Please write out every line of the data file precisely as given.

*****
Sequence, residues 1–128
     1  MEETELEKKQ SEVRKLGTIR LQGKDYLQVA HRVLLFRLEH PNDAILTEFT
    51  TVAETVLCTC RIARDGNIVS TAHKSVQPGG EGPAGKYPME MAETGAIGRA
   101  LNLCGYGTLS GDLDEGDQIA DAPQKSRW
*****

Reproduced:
Sequence, residues 1–128
     1  MEETELEKKQ SEVRKLGTIR LQGKDYLQVA HRVLLFRLEH PNDAILTEFT
    51  TVAETVLCTC RIARDGNIVS TAHKSVQPGG EGPAGKYPME MAETGAIGRA
   101  LNLCGYGTLS GDLDEGDQIA DAPQKSRW